Schilling left his mark on Red Sox
Righty delivered on goal of helping to bring title to Boston
BOSTON -- When Curt Schilling was acquired by the Red Sox the day after Thanksgiving in 2003, he brought a bold and confident attitude with him -- one that the franchise needed at the time.
If Schilling never pitches again for the Red Sox, and that now seems fairly likely, it is safe to say that he made a permanent mark on the team and its ravenous fan base.
Schilling, who didn't throw a pitch in 2008, will have surgery on Monday to repair his right shoulder. Given his age (41 years old) and his free-agent status, this very well could be it for him in Boston. Before throwing a pitch for the Red Sox, Schilling announced in a Ford commercial that he was coming to help break an 86-year championship drought. He did just that, helping the Red Sox win not just in 2004, but also 2007.
"He made a tremendous impact here," said Red Sox general manager Theo Epstein. "When we were sitting in his living room back in November of 2003, we talked about a lot of things, but among those were him coming here and helping us win a World Series and handling the Boston market and pitching effectively, leading a rotation. I think those things came true and then some. So he certainly lived up to his end of the bargain, and it was a very effective marriage while it lasted. He left his mark on this organization."
The right-hander went 53-29 during his time with the Red Sox, posting a 3.95 ERA. In eight postseason starts for Boston, Schilling went 6-1.
"Like Theo was kind of alluding to, he came here at a time we were aspiring to win a World Series," said Red Sox manager Terry Francona. "He was as big a part of it as anybody. The one thing that Schill always did -- whether he was blogging or talking -- but he'd take the ball every five days. His ability to do that was unbelievable. I'm talking about through Philadelphia, through here, that stuff with the sock -- that wasn't fake. This guy would pitch, and he pitched some unbelievably big games. That will never go away."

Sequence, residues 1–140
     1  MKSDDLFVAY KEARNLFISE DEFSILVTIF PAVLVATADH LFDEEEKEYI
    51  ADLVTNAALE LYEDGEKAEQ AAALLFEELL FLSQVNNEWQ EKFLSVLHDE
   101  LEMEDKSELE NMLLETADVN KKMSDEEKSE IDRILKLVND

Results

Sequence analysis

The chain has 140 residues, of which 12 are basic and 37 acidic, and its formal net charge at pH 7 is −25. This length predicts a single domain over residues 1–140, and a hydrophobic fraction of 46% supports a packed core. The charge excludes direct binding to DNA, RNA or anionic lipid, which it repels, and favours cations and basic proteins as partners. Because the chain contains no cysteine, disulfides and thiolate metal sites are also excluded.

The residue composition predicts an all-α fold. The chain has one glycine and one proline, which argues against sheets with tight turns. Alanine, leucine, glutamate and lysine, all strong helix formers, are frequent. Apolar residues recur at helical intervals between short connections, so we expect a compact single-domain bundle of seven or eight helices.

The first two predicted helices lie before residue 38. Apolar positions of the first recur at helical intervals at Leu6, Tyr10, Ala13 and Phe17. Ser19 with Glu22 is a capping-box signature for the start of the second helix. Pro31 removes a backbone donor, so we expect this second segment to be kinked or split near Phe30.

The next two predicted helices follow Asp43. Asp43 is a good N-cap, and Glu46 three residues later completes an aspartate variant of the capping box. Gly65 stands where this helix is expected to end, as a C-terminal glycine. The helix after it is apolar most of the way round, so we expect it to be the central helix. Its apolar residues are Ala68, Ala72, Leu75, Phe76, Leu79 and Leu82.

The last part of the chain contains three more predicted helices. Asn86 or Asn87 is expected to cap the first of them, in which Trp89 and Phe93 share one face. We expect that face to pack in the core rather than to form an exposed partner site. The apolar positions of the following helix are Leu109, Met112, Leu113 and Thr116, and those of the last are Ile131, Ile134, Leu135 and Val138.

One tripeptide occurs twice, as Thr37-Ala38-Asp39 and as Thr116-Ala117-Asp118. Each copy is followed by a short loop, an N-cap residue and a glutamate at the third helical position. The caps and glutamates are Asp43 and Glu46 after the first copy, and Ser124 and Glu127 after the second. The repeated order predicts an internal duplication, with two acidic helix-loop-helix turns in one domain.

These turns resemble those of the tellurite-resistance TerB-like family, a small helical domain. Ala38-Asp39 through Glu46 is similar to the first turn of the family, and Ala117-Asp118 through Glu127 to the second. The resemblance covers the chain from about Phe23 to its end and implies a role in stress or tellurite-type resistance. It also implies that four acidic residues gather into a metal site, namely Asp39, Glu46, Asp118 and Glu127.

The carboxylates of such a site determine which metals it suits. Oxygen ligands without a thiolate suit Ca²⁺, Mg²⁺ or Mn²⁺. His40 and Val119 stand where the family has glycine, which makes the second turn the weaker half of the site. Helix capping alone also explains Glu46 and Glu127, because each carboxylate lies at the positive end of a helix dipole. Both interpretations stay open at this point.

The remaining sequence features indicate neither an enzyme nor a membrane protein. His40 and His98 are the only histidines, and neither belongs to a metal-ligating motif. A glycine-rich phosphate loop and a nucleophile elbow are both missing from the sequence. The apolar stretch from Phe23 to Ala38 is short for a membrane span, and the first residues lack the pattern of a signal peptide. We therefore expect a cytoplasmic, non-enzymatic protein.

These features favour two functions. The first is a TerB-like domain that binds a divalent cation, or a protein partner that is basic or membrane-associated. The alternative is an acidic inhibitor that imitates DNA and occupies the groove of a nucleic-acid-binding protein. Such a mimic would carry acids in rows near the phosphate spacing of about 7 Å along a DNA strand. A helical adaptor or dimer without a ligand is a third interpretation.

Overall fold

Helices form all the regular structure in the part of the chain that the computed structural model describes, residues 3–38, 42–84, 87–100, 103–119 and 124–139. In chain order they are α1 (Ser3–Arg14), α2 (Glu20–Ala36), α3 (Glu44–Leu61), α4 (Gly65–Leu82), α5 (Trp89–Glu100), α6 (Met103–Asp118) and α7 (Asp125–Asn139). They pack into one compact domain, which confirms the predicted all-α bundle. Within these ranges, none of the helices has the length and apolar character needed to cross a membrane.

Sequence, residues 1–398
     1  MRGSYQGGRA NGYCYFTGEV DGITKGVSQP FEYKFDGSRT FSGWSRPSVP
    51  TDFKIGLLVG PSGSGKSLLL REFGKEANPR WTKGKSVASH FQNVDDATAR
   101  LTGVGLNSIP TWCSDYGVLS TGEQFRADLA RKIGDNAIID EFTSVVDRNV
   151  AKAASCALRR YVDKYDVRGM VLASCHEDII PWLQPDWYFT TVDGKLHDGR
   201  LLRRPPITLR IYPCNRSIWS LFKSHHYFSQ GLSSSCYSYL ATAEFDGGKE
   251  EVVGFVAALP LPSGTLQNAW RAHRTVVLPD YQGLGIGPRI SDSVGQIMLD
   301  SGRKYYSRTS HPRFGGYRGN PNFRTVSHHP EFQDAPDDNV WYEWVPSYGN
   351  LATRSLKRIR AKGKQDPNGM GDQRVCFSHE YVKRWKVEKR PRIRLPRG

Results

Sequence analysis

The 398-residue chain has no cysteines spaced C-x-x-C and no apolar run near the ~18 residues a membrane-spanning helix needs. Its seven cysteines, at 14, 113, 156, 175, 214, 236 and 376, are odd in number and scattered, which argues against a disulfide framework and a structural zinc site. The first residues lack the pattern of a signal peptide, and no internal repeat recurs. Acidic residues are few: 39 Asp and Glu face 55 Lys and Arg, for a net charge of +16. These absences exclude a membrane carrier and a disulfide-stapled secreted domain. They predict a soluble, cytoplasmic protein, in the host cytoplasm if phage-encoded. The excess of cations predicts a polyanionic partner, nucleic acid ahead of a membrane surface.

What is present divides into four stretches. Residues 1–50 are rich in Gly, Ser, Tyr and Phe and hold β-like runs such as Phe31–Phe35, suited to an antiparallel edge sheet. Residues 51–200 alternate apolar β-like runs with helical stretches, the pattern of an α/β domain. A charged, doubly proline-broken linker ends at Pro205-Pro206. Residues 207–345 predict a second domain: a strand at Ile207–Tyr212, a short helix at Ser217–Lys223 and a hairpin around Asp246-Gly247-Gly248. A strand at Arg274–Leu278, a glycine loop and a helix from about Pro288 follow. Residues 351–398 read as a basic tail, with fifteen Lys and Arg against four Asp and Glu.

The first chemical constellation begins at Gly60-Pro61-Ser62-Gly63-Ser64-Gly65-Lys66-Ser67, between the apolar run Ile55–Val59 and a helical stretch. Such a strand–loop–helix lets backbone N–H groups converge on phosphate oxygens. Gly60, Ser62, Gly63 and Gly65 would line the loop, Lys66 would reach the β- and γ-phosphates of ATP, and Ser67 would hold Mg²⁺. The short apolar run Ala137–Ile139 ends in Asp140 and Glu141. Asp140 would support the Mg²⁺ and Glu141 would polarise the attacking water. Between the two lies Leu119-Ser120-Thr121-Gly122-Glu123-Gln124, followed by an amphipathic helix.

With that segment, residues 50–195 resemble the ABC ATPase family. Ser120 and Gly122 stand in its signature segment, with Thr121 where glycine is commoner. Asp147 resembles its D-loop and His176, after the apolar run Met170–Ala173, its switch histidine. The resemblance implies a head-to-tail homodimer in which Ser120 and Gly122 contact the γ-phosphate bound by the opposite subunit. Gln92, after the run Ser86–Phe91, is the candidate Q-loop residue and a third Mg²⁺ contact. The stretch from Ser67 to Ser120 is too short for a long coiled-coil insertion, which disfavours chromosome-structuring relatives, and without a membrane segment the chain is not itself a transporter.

The sock, of course, was the bloodied sock. In order to pitch in Game 6 of the 2004 American League Championship Series at Yankee Stadium, Schilling had his loose right ankle tendon sutured into place. He won that game, helping the Red Sox become the first team in the history of baseball to rally back from a 3-0 deficit in a seven-game series. Schilling again went out there in Game 2 of the World Series, his sock stained with blood, and defeated the Cardinals. The Red Sox swept St. Louis.
Last year, Schilling's foot held up fine, but his shoulder was weak from the toll of so many years and innings pitched. After getting a cortisone shot, Schilling fired a gem in clinching Game 3 of the Division Series at Anaheim. In the ALCS, Schilling again pitched to save the season in Game 6, this time against the Indians. And he came through in the same fashion as three years earlier.
His closing act -- perhaps for his career -- was a 2-1 victory against the Rockies in Game 2 of the World Series.
"He went out there at times, probably with more pain than a lot of people will ever know, in his shoulder and his body," said Red Sox reliever Mike Timlin. "But he's not going to tell you that. Obviously, he wasn't throwing 93 or 94 like when he got here. He was fighting through a lot to get done what he did, and it showed a lot because he had to adjust himself mentally from what he had in his pocket."
Another thing that was uniquely Schilling was the way he communicated with fans. Almost from the time the Internet started, Schilling became a junkie, conversing with fans on message boards back in his days with the Phillies in the mid 1990s.
Last season, Schilling finally started his own blog, where he again posted on Friday.
"To you fans, thank you, thank you, thank you," wrote Schilling. "If it is all over, every single moment and memory I'll take away from my career comes with your involvement and support. More athletes than you know recognize this and appreciate it. The four years I was allowed the honor of wearing this uniform I would hope you believe I did so with honor, integrity and respect, for the game but more importantly for my manager, coaches and teammates."
Though many starting pitchers keep to themselves in the grand scheme of clubhouse communication, it was never that way with Schilling.
"Schill was an influence to a lot of people on this team," said Red Sox closer Jonathan Papelbon. "Schill was a guy who never accepted anything but the best from a teammate. So that's what I got from him. He always expected a lot from me and I expected a lot from him in return."
Ian Browne is a reporter for MLB.com. This story was not subject to the approval of Major League Baseball or its clubs.